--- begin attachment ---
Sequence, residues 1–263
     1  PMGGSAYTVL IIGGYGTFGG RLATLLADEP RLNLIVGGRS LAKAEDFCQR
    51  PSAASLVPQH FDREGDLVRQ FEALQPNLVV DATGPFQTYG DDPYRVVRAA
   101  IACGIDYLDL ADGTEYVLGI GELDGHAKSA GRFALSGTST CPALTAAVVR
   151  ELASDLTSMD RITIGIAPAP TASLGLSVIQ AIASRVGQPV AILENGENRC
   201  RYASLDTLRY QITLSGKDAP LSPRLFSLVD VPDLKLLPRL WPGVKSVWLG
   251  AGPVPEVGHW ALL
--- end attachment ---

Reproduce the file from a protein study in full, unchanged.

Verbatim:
Sequence, residues 1–263
     1  PMGGSAYTVL IIGGYGTFGG RLATLLADEP RLNLIVGGRS LAKAEDFCQR
    51  PSAASLVPQH FDREGDLVRQ FEALQPNLVV DATGPFQTYG DDPYRVVRAA
   101  IACGIDYLDL ADGTEYVLGI GELDGHAKSA GRFALSGTST CPALTAAVVR
   151  ELASDLTSMD RITIGIAPAP TASLGLSVIQ AIASRVGQPV AILENGENRC
   201  RYASLDTLRY QITLSGKDAP LSPRLFSLVD VPDLKLLPRL WPGVKSVWLG
   251  AGPVPEVGHW ALL